First time building a gaming pc and would like some help

#1 Posted by snipe (12 posts) -

Hi as the title suggests i'm building my first gaming PC and would like some help on my build.

My build so far consists of

Intel Core i5-3570K Processor

Corsair H80 Liquid CPU Cooler

EVGA GTX 680 Superclocked Graphics Card

Gigabyte GA-Z77X-UD3H Motherboard

8GB Corsair Vengeance RAM

128GB Samsung 830 Series SSD

2TB Western Digital Caviar Black Hard Drive

750W Corsair TX750W Modular Power Supply

Fractal Design Refine R4 Case

Sony DVD Burner

(This is also my first time using this forum so sorry if it's messy)

I would really appreciate some help as to whether this build is any good and if anyone who really knows there stuff could maybe say what kind of games I would be able to play on this PC that would be great.

Thanks

#2 Posted by Devildoll (877 posts) -

Looks fine...

State of the art cpu and graphics card, and all the surrounding components are solid as well.
I would usually advise you to go with a standard edition graphics card instead of a factory overclocked one, but since we're just talking about a $10 difference in price, its not really a biggie.

#3 Posted by davo (141 posts) -

Pretty nice.

#4 Edited by MonetaryDread (1993 posts) -

I would avoid the Liquid Cooling system unless you are extremely anal about your ability to overclock. I have had water systems in the past and the thing that nobody seems to talk about is condensation. If you buy a water cooler then you have to take care of any condensation that builds up in your PC. It can be simple as taking a minute or two out of your day, but it is something you have to do every day because forgetting to take care of it will destroy your PC. Condensation is not that big of a problem if you are living in a place like Canada, but if you live anywhere it is warm / humid (ie. Florida) you are better to just forget about it as an option. Just buy a nice air cooler if everyday maintenance is not your thing.

Other than that, things are looking good. I would pick up a less expensive version of the 680 because you obviously know how to overclock (otherwise liquid cooling is useless), and I would splurge on the 256 gig version of the Samsung SSD because it so much faster in comparison to the 128 gig version that they might as well be two different products - tho any SSD, no matter how shitty, is still an order of magnitude better than a spindle drive.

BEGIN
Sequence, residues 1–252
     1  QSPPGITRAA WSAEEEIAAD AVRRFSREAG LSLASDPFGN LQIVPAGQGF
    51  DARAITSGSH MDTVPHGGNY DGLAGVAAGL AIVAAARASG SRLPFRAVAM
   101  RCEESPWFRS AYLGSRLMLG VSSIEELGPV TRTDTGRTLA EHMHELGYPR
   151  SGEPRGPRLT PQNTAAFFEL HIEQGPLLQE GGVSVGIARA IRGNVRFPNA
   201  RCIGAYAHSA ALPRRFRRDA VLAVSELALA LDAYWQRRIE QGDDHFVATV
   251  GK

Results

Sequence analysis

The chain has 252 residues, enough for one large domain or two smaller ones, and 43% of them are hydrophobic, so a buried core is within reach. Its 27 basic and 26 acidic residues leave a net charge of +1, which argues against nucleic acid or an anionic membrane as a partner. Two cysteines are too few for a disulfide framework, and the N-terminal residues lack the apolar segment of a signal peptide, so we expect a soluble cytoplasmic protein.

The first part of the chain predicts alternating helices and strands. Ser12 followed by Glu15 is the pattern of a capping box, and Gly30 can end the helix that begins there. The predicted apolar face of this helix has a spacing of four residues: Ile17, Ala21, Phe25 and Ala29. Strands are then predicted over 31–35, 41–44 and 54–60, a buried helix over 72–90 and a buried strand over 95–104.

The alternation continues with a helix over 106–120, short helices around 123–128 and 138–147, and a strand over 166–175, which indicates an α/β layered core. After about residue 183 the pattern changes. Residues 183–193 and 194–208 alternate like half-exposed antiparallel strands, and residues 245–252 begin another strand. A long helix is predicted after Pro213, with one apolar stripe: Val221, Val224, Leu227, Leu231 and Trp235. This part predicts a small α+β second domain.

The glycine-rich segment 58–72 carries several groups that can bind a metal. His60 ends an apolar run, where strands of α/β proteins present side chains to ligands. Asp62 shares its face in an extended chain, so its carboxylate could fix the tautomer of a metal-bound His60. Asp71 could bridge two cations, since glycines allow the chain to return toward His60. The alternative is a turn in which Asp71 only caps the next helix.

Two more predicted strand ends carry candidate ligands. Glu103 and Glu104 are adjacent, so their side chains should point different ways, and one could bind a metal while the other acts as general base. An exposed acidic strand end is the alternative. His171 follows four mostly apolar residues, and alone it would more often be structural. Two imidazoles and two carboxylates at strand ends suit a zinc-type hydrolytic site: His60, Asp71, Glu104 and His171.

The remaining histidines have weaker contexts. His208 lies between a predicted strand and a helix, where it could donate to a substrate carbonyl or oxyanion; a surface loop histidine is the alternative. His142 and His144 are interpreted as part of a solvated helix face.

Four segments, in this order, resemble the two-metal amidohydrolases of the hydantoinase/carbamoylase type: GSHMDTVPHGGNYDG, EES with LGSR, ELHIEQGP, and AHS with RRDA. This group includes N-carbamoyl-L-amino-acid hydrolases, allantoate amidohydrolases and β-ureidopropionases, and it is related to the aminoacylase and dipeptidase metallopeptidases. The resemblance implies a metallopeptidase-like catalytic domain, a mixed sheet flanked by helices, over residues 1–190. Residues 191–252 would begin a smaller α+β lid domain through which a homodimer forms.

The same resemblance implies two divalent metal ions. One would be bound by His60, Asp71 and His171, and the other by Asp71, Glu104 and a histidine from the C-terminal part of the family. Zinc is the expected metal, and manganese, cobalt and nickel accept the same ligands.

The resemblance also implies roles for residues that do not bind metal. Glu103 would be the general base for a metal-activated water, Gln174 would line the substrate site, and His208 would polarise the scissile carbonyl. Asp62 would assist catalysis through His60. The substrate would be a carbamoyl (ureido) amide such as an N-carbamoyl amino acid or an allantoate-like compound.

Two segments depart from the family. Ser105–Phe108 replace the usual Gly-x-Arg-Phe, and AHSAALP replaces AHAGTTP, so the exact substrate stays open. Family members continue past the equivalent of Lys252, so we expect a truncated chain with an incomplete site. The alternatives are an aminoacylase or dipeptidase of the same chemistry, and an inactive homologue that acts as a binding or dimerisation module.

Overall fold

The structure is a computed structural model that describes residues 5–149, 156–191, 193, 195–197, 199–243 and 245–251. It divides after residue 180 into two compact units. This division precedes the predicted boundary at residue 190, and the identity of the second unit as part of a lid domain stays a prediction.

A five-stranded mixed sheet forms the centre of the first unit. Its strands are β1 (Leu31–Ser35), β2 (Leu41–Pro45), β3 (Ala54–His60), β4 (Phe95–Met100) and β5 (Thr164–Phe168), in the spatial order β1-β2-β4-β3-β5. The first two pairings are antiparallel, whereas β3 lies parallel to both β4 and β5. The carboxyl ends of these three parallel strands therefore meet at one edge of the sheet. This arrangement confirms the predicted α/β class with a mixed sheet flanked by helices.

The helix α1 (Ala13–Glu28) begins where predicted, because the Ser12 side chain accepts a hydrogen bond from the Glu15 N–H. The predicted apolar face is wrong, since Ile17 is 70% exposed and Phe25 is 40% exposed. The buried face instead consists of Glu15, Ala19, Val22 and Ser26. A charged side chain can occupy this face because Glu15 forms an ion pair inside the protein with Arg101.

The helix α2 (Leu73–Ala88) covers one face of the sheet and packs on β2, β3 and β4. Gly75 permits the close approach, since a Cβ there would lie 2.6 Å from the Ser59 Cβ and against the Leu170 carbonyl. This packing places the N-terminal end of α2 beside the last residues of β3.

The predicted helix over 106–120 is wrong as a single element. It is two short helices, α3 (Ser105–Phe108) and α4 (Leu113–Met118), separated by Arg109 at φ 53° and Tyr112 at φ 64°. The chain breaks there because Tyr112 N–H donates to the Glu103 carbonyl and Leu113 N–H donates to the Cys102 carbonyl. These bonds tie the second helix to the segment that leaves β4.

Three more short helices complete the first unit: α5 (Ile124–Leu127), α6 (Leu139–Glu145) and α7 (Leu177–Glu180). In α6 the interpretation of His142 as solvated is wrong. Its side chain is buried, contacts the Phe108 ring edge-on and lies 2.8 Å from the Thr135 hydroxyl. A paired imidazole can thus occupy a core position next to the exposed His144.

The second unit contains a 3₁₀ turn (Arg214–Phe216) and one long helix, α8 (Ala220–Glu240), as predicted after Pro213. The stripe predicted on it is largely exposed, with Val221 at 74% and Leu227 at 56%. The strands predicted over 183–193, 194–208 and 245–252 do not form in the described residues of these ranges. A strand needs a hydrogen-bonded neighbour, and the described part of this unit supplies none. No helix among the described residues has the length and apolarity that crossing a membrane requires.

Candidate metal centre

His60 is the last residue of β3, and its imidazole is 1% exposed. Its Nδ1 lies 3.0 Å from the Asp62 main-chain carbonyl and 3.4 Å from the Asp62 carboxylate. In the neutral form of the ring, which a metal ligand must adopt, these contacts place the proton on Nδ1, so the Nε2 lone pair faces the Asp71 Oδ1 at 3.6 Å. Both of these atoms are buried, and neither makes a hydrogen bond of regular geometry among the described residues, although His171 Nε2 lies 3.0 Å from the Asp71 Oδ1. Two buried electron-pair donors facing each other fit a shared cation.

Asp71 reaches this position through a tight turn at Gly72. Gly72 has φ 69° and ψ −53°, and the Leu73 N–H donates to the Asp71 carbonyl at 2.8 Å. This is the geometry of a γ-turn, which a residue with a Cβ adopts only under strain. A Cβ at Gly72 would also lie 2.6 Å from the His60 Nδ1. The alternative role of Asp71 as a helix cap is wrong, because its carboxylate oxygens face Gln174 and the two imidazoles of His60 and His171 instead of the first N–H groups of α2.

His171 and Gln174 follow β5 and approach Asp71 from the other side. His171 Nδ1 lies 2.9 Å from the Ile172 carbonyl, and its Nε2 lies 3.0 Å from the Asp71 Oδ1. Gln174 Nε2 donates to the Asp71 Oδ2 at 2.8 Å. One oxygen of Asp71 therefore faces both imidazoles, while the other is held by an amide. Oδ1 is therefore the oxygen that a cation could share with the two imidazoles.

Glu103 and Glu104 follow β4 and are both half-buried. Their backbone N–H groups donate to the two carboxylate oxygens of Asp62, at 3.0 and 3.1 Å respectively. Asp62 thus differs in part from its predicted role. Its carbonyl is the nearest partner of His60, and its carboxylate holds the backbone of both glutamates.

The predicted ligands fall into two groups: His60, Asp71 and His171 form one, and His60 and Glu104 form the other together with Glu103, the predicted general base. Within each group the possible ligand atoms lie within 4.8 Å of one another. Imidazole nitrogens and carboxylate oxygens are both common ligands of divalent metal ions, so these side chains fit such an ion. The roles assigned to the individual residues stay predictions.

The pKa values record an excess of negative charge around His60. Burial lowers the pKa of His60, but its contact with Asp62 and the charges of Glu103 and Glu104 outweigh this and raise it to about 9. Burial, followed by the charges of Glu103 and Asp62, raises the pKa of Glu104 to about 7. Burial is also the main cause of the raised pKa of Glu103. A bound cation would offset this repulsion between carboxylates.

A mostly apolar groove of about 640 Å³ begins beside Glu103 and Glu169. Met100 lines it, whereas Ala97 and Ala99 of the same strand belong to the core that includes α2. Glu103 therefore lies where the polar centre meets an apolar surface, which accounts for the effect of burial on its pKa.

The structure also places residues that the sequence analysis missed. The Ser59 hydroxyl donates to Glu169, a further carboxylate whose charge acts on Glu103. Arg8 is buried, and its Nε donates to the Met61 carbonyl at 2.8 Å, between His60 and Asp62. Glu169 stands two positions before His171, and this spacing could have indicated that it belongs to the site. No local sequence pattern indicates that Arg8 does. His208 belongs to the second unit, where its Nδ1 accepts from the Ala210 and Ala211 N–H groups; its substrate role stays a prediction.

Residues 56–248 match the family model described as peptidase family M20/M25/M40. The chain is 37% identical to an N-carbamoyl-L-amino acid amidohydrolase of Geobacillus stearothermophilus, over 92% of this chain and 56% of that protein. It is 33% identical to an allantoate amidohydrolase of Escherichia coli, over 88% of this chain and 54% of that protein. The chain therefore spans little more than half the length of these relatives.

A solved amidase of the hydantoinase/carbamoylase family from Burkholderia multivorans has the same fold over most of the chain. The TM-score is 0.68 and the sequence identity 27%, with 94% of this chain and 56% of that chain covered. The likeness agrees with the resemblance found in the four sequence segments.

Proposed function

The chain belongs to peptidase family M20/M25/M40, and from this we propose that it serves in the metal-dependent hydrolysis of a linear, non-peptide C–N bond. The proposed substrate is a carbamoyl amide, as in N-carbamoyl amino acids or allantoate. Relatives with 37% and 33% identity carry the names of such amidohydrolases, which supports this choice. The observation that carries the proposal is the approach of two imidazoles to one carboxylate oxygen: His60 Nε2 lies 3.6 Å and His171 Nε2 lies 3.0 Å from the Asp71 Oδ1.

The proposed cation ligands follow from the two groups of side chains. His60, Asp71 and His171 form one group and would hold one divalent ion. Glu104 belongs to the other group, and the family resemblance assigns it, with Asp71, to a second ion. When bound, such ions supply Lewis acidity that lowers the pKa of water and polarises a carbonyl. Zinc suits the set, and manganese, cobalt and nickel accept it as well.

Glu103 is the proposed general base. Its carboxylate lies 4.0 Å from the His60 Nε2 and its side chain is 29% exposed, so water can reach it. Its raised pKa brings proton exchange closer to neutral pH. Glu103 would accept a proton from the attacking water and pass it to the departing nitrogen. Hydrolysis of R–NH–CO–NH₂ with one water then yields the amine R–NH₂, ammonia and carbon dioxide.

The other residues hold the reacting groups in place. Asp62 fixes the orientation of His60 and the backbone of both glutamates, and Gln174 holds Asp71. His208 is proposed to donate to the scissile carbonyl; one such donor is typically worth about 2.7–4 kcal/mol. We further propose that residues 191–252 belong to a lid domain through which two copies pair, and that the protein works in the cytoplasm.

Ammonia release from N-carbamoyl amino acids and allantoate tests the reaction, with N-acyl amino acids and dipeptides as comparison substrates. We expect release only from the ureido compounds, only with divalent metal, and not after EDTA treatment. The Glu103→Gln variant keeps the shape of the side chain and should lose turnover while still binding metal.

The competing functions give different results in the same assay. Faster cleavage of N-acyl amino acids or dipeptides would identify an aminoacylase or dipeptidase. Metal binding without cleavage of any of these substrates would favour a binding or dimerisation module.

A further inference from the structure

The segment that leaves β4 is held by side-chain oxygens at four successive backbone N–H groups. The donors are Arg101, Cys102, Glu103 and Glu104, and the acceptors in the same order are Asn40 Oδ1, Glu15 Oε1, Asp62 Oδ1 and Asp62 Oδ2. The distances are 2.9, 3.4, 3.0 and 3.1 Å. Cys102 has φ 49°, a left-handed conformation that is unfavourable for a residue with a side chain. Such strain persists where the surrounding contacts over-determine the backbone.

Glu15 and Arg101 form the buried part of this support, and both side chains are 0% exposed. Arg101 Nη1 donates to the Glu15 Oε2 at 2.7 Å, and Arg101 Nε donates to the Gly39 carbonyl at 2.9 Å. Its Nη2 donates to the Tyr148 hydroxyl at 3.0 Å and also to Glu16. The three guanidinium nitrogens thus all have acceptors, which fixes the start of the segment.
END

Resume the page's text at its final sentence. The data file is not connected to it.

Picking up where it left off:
#5 Posted by mtcantor (947 posts) -

You don't need liquid cooling unless you are really going to go hardcore with the overclocking.

#6 Posted by TyCobb (1947 posts) -

I know some people will balk at this, but it seems like you aren't on the strictest of budgets so I suggest just spending the extra $40 or whatever slapping another 8GB of RAM into it. You can never have too much and 8 is perfectly fine. I just think it is so cheap, why not?

#7 Edited by Mirado (992 posts) -

@snipe: Those closed loop watercooling systems are by-and-large overpriced for what they deliver. Save your money and slap a $30 air cooler on there; just about any aftermarket cooler can handle moderate overclocking, and you shouldn't be doing any heavy OCing for gaming. Everything else looks fine; what resolution are you playing at? I hope you aren't pairing that 680 with some shitty 17" screen.

@tycobb: No, I think you have the right idea. RAM is so cheap that there's almost no reason to have as much as you can, and while 8GB is a healthy minimum I've found that moving to 16GB can be of use in certain situations. If he transitions from that H80 to a cheaper air cooler, he'd certainly have the budget for it, and that's assuming he wasn't able to just spend a bit more, like you speculated. Either way, I think it's sound advice.

#8 Edited by snipe (12 posts) -

@mtcantor: @mirado: Yeah I showed this build to my friend and he recommended the cooler master X6. what are your opinions on that?

#9 Posted by snipe (12 posts) -
#10 Posted by Mirado (992 posts) -